Inside DeCosta's Draft Mind


As **Eric DeCosta** hit a winning shot in another racquetball match at the Ravens' training facility, he called out in pain.

He crumpled to the ground and instantly diagnosed what had happened.

"I think I just tore my Achilles," he said to* *his opponent, Senior Vice President of Public and Community Relations **Kevin Byrne**.

It was during his lunch break on Wednesday, April 13, about two weeks before DeCosta's version of the Super Bowl – the NFL Draft.

The Ravens were in the middle of full-blown meetings finalizing the team's big board and had everyone in town for the occasion. These are the meetings DeCosta, the team's director of player personnel, prepares for all year, yet he was in extreme pain.

So DeCosta called up to General Manager **Ozzie Newsome** to ask him to delay the meeting.

By a whole 10 minutes.

"I felt like I let people down," DeCosta said. "They were waiting for me. I just couldn't stand the thought of the meetings being delayed."

After getting the bottom half of his right leg frozen and put in a protective boot, DeCosta crutched up to the meeting. He had an ice machine brought to the "War Room" so he could re-numb the pain every couple of hours until the meeting ended at 7 p.m.

What most bothered DeCosta was that he couldn't get out of his chair to flip-flop the magnetic nameplates of each prospect as they were moved up or down the Ravens' board. Someone else had to do it.

For the past three years, DeCosta has been the man in charge of stacking Baltimore's draft board, which is equivalent to writing the team's Bible before it heads into selection day. And to him, that board "feels like a physical, living creature."

This is how much DeCosta cares about the draft. This is a reason why the Ravens have long been one of the league's best drafting teams and how DeCosta, at just 40 years old, has become one of the most sought-after front office names in the sport.

"Pain is pain," DeCosta said. "The injury I had wouldn't hurt as bad as not having a good draft."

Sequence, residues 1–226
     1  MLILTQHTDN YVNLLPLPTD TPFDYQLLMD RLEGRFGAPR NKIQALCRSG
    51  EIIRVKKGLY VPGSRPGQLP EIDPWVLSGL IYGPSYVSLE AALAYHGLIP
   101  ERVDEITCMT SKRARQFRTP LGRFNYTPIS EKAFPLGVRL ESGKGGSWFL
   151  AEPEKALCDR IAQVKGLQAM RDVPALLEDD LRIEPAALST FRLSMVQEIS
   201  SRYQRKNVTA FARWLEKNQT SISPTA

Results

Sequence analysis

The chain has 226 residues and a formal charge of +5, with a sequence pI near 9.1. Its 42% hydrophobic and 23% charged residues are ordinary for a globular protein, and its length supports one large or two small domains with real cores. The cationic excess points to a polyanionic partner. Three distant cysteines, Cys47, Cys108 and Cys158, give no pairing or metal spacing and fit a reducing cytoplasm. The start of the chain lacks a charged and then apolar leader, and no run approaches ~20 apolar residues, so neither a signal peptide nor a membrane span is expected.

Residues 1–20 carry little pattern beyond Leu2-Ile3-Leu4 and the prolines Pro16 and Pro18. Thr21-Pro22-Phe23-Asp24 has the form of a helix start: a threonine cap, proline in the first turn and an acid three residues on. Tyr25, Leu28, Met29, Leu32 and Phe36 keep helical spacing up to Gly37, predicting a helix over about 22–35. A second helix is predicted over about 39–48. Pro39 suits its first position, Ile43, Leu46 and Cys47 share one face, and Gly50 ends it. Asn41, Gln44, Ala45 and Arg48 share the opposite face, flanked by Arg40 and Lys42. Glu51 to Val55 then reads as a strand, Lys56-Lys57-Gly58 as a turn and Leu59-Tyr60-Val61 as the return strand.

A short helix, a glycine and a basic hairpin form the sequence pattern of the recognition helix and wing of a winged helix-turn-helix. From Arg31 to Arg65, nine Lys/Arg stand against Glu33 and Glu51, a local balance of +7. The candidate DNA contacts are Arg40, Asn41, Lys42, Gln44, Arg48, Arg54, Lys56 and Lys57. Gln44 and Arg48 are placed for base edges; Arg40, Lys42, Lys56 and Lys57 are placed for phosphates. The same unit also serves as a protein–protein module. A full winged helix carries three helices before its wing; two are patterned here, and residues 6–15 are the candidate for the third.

'Some Kids Play With Dinosaurs'

DeCosta grew up playing fullback and linebacker in Taunton, Mass.

Like many boys, he was enamored with the Dallas Cowboys. But in talking about who he idolized, it wasn't players. It was Tex Schramm, the original president and general manager, and Gil Brandt, the vice president of player personnel from 1960 to 1988.

"Some kids play with trains and some kids play with dinosaurs," DeCosta said. "I just loved the National Football League, the draft and building teams."

DeCosta and his father, Joe, shared a common love of the draft. As DeCosta said, it became an event for them every year.

At just 7 years old, he started making his own draft board. In the fall, he watched all the players in college football and made a list of those that he liked. DeCosta memorized the names, positions and even statistics of all the players.

As spring rolled around, DeCosta poured over numerous publications and prospect rankings. He loved Mel Kiper Jr., ESPN's draft guru, because he was one of the first to analyze the draft ingreat depth.

DeCosta would compile analyst mock drafts, compare them to his own big board, and come to a consensus of his own before watching the draft to see who the Cowboys and nearby New England Patriots selected.

"I loved evaluating those picks," DeCosta remembers. "This was for me from Day 1, from a young age. That's what I wanted to do and I had a passion for it."

'He Does Not Like To Lose'

DeCosta came to the Ravens at the franchise's beginning, 1996, as an original member of the "20-20 club," a collection of entry-level scouts that begin in their 20s and make about $20,000.


The English major's only scouting experience was at a training camp internship in the Washington Redskins' player personnel department in 1995.

Newsome, who discovered DeCosta and gave him a chance, saw the passion and an analytical mind.

"I think the thing about Eric is his ability to process a lot of information quickly," Newsome said. "To be a good talent evaluator, you have to be able to process information. He had an opportunity to learn from a lot of good people."

DeCosta became a sponge, soaking up all the knowledge he could from a bevy of talented evaluators (ex: Phil Savage, Terry McDonough, James Harris and **George Kokinis**) and coaches (ex: Ted Marchibroda, Marvin Lewis and Kirk Ferentz).

But it was Newsome's brain that DeCosta was constantly picking.

"I learned what I know about scouting from Ozzie," DeCosta said. "People always ask me, 'Do you guys ever disagree?' I'm telling you, it doesn't happen very often because he trained me. I know what to look for because Ozzie taught me what to look for."

Another reason why DeCosta has been able to move up so quickly is his competitive drive.

As Kokinis said, DeCosta is one of the most competitive people he has ever known, which is saying a lot considering Kokinis, Ravens Senior Personnel Assistant and former Browns general manager, has been in the ultra-intense NFL for 17 years.